LIVING For Caregivers of Spouses With Dementia, a Redefinition of Marriage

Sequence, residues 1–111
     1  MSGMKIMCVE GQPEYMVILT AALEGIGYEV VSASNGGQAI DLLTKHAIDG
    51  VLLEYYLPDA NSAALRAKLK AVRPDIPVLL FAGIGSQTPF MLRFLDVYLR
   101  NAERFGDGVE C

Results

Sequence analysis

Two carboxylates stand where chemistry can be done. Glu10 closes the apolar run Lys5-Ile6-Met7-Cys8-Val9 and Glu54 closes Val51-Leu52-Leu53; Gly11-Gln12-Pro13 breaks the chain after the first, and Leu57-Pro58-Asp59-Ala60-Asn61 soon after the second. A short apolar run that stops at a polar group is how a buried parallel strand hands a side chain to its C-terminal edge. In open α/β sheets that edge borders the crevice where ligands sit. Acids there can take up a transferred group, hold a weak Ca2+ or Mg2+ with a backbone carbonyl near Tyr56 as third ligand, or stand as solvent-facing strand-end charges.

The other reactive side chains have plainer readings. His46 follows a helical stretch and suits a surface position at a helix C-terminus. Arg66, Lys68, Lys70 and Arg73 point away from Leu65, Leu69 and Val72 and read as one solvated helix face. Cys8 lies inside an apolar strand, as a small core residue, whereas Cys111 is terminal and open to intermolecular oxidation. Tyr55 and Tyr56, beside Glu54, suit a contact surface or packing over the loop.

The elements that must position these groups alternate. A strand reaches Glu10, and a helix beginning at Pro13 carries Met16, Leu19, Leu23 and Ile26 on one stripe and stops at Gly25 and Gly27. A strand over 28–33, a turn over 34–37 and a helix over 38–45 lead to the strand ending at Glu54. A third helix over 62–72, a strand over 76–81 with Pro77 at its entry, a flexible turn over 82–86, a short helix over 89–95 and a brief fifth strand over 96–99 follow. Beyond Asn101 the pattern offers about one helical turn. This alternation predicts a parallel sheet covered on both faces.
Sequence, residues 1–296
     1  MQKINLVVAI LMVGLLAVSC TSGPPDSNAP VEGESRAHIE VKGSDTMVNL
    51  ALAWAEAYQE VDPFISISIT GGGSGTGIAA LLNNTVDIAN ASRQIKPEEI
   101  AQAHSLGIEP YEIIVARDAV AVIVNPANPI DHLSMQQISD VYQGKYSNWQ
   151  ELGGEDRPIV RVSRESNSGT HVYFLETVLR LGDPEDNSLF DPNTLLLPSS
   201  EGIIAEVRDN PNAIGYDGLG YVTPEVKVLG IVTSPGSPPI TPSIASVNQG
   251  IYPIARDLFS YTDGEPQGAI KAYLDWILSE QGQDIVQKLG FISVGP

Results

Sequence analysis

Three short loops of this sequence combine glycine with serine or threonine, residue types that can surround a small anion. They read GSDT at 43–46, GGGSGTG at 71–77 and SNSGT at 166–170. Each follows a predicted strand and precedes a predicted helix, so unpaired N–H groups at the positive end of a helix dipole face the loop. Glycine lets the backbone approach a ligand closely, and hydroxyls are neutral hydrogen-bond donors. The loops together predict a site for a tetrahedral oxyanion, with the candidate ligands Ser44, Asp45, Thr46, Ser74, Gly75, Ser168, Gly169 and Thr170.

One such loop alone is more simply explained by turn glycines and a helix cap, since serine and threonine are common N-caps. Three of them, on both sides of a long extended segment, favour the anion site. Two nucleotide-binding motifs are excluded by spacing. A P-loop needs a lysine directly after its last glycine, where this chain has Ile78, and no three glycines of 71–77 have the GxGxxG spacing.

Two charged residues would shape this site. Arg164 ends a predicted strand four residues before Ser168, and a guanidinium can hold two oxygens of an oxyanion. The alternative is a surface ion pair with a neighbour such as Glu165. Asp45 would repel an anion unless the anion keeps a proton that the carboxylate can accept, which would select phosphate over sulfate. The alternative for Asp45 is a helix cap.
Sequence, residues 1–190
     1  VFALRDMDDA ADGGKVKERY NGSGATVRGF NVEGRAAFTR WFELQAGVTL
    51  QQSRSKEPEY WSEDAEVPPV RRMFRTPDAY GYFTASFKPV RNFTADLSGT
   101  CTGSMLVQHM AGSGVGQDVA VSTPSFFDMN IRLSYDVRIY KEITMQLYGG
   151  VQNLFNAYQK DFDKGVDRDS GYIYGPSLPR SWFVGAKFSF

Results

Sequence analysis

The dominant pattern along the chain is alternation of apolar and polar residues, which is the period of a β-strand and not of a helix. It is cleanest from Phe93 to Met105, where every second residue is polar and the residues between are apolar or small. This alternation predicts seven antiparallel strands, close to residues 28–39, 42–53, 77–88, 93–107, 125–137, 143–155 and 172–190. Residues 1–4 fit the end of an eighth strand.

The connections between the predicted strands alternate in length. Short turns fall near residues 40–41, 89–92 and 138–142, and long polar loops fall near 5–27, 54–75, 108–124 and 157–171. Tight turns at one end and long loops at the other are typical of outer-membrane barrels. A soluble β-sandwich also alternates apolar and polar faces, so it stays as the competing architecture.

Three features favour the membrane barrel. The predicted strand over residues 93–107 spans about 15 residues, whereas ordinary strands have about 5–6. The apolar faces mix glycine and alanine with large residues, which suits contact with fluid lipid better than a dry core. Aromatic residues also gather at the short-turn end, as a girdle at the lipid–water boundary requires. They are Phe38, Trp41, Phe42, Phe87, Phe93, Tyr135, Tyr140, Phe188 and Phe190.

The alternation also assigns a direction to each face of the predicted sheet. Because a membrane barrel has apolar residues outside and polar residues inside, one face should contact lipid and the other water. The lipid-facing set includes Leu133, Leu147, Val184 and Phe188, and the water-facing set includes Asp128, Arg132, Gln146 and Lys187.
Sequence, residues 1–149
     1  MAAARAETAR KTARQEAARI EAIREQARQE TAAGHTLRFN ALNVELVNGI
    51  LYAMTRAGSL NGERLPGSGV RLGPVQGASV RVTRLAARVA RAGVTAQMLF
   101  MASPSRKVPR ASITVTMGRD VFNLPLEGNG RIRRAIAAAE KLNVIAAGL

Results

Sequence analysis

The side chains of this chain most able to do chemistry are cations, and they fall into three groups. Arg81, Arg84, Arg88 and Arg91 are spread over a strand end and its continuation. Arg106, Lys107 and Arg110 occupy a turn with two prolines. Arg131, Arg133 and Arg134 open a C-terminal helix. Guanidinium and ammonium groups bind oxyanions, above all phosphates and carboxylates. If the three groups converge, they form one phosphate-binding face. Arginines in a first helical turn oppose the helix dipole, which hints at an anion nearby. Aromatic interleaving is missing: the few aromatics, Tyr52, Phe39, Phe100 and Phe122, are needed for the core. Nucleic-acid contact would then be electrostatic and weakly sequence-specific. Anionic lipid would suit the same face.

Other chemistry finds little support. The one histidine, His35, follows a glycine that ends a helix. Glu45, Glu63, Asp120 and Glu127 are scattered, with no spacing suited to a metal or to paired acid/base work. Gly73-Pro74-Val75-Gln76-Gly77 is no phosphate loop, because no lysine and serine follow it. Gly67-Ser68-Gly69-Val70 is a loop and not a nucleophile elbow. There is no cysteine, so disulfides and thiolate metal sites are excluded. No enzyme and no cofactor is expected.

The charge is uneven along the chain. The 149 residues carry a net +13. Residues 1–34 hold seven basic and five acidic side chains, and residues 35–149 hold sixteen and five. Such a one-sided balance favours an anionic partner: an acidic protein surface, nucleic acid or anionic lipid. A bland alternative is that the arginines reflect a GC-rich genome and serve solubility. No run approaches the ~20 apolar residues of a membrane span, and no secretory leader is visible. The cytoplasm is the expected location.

In my 50s, I realized that I was no longer the fiercely independent, self-sufficient, can-do-and-proud-of-it-person I was when I was younger. A bad back and surgery made me more dependent on my partner’s help. I leaned on him, and when his rheumatoid arthritis flared, he leaned on me. Mutual caring kept us vital, and it still does today, as we approach our eighties. In marriages like ours, in midlife and beyond, the definition of a good spousal relationship changes from self-sufficiency to increasing interdependence. It is necessary and good to have someone to lean on, and it is good to feel needed by another.